The US market has outperformed every market by two to three times. So, I think we're ending this period of low interest rates, which have supported long duration assets, including technology, and you have this last gasp of grasping onto AI.
This is what's going to justify these massive valuations in the magnificent seven, this small number of mega-cap US tech names that are supporting the market. If that comes to an end, maybe this period, this decade-long period of US outperformance comes to an end.
And I think you can prove that by looking at, look at a company like Badoo, a very, very early investor in AI with autonomous vehicles. There's no valuation premium given to Badoo. Why? Because it's not a US technology stock. So, you just have to step back and say, okay, the US market is simply overvalued and what's going to stop that?
Well, high US interest rates. Personally, I've been buying CDs, first time in my life I've ever bought a CD. I can lock in 5%. It's a great deal. That money would have gone into US stocks in the past. And I think my behaviour is probably like many US investors.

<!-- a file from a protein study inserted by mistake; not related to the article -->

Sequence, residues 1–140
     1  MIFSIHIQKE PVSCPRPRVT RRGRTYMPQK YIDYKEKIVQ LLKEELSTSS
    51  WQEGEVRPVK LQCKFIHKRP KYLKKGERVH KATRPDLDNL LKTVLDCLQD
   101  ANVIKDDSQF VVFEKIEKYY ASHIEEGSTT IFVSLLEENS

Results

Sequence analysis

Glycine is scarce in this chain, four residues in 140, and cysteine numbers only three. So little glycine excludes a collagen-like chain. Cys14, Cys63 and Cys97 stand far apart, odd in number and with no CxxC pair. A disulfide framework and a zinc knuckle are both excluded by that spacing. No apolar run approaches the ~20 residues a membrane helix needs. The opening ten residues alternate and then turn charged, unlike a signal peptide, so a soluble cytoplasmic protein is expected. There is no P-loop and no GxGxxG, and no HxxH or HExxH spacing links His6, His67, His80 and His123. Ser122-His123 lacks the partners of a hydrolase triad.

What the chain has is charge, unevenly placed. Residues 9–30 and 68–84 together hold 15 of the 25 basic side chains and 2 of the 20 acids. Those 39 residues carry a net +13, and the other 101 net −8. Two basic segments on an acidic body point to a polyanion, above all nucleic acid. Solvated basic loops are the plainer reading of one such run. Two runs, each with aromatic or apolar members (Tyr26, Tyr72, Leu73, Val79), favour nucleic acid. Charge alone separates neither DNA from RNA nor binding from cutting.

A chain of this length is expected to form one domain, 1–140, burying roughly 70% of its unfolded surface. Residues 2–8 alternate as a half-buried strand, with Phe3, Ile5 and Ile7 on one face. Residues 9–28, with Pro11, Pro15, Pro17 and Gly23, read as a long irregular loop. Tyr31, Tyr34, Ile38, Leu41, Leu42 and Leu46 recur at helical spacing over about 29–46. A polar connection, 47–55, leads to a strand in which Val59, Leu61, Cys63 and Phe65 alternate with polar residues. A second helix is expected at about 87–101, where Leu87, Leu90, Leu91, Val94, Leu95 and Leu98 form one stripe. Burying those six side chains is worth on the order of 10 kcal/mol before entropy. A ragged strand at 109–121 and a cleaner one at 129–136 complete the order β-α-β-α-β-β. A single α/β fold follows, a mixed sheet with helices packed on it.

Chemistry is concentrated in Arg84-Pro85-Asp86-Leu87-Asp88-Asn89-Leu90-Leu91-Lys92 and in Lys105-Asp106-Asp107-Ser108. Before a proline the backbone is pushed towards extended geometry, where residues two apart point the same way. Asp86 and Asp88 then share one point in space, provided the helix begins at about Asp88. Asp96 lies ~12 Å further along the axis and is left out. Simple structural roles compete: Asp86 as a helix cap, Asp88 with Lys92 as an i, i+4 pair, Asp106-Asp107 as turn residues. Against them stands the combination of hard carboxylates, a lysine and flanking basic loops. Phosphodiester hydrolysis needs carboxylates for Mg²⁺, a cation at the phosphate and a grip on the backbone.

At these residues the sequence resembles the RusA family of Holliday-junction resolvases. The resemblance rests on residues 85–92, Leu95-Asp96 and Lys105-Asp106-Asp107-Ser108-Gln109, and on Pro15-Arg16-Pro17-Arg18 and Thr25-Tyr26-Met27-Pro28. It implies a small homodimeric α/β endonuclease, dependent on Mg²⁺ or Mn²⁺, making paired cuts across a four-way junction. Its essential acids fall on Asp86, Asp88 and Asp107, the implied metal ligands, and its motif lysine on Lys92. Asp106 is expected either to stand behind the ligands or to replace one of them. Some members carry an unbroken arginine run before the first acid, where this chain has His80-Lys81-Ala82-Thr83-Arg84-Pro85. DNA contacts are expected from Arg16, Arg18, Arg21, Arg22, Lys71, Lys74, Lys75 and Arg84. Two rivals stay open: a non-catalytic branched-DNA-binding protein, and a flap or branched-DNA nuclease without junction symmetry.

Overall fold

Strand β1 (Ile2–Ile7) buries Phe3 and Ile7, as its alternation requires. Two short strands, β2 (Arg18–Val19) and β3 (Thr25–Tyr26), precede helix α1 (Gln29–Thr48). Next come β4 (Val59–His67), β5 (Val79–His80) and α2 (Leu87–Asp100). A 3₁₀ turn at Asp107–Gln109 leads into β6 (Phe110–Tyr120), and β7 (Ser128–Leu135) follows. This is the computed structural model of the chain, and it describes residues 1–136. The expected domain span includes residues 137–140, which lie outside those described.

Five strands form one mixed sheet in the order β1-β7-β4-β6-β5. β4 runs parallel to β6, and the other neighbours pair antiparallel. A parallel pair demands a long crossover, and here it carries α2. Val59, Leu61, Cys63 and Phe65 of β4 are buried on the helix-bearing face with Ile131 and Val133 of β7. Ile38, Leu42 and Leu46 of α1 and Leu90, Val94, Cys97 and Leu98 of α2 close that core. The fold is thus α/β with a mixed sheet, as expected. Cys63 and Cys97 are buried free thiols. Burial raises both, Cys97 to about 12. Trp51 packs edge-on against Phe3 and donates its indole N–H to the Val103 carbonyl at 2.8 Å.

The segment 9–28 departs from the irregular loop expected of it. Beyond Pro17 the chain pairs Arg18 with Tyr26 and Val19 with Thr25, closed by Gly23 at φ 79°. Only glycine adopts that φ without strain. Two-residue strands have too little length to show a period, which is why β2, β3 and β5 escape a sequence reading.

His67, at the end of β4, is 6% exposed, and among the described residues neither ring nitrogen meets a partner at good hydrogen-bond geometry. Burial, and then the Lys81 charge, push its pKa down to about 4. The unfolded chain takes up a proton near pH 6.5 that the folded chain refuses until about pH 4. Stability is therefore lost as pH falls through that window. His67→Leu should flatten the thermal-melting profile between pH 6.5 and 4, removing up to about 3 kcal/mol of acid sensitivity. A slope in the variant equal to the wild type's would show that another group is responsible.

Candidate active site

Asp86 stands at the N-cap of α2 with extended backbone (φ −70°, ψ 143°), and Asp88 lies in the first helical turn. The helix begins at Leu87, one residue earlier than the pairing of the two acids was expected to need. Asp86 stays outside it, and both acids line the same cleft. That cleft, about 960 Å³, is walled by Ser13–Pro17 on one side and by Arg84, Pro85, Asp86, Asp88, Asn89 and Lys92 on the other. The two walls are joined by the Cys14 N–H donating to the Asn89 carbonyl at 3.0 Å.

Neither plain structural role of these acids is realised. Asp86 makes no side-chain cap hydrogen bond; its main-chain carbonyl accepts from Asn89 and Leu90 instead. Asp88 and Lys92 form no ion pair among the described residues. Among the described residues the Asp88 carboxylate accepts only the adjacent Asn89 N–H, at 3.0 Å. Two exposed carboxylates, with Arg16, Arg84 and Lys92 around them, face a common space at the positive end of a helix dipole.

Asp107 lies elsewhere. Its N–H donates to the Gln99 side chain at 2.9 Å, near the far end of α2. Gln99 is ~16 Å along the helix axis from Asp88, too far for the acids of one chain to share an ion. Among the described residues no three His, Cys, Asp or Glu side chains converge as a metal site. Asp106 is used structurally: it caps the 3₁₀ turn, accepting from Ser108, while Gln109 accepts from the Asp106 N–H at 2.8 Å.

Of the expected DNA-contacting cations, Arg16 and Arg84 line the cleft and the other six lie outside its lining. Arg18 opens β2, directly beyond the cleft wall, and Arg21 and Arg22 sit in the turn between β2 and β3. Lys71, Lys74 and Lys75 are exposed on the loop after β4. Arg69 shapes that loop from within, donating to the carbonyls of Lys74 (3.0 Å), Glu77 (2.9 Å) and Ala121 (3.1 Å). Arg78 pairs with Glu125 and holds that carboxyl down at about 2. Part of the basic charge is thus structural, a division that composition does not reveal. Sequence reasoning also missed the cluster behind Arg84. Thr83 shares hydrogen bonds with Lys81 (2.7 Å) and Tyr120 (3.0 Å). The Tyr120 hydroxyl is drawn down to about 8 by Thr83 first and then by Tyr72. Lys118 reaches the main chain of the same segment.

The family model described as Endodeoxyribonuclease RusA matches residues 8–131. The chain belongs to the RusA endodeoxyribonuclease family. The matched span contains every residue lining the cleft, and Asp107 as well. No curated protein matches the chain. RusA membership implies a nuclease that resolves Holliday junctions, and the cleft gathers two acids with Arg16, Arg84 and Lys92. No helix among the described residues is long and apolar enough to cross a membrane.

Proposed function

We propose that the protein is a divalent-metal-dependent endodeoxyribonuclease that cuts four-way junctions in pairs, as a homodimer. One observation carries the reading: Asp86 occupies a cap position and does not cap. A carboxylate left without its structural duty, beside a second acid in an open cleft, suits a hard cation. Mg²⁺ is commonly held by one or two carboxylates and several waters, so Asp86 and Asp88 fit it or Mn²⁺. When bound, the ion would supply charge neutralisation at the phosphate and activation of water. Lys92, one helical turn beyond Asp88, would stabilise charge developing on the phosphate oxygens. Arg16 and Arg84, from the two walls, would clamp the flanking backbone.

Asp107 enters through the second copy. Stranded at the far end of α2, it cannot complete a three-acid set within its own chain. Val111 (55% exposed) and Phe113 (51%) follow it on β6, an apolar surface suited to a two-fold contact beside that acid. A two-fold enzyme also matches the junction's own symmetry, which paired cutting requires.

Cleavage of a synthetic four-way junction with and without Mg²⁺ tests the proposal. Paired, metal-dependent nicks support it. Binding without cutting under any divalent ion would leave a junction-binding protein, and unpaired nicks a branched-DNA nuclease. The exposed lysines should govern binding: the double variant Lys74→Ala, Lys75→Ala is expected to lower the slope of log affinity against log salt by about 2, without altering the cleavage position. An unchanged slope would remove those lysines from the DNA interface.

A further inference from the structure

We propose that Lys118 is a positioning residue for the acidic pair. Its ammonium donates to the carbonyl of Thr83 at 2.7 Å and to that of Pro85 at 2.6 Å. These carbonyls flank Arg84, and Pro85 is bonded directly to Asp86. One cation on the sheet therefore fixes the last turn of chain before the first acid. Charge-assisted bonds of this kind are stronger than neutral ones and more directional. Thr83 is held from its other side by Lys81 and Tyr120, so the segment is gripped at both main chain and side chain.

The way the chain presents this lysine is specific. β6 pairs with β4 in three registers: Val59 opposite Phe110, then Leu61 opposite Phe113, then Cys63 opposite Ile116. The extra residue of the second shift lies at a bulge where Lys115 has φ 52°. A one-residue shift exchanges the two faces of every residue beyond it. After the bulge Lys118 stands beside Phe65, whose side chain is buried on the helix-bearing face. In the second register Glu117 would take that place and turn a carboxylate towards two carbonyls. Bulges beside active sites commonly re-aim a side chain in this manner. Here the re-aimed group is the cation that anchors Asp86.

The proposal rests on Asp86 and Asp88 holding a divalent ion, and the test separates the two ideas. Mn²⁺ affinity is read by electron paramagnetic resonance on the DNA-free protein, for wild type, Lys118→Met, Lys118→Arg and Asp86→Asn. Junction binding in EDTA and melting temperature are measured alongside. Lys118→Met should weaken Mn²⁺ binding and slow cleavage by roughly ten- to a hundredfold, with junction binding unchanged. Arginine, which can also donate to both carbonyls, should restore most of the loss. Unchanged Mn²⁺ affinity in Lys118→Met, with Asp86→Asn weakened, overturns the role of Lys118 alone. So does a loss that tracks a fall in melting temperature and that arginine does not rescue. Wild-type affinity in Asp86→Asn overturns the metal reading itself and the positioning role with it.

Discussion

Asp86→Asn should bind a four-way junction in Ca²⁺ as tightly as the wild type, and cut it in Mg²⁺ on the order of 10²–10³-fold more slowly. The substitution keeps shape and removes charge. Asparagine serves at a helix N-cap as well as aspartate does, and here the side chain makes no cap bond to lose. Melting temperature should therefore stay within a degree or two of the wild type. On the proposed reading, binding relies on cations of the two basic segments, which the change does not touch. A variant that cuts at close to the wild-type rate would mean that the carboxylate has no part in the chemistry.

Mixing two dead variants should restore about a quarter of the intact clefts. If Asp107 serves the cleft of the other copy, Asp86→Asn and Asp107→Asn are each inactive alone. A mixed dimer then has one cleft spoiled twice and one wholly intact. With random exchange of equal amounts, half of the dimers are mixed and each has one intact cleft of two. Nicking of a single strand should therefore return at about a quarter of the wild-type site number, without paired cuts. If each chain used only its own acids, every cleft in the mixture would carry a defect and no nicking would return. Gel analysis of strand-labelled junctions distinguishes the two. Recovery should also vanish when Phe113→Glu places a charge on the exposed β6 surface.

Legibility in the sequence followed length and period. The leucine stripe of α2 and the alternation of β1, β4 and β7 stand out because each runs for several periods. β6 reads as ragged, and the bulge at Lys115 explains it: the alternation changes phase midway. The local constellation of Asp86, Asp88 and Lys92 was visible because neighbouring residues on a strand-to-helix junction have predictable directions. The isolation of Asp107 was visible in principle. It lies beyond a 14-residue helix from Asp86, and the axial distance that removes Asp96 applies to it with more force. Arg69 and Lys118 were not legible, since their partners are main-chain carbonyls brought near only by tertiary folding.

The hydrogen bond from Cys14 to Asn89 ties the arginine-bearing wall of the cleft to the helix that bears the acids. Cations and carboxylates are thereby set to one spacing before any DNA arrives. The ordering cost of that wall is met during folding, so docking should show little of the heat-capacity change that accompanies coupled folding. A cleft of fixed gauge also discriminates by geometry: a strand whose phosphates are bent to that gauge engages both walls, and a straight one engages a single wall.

So, for one, I think you have the potential baton for US stock equity outperformance to be handed to non-US equities. And it's been a long 14 years.
AO: What would you also say to those investors out there looking at fund flows, which have showed more interest in the second half in money markets, cash, you know, that caution creeping in. Where would you and where are you seeing your clients redistribute that money?
BA: Yeah, it's a great, great question, because I think you have to think about individual markets that asset classes compete with one another, stocks versus bonds versus bank deposits, money market funds.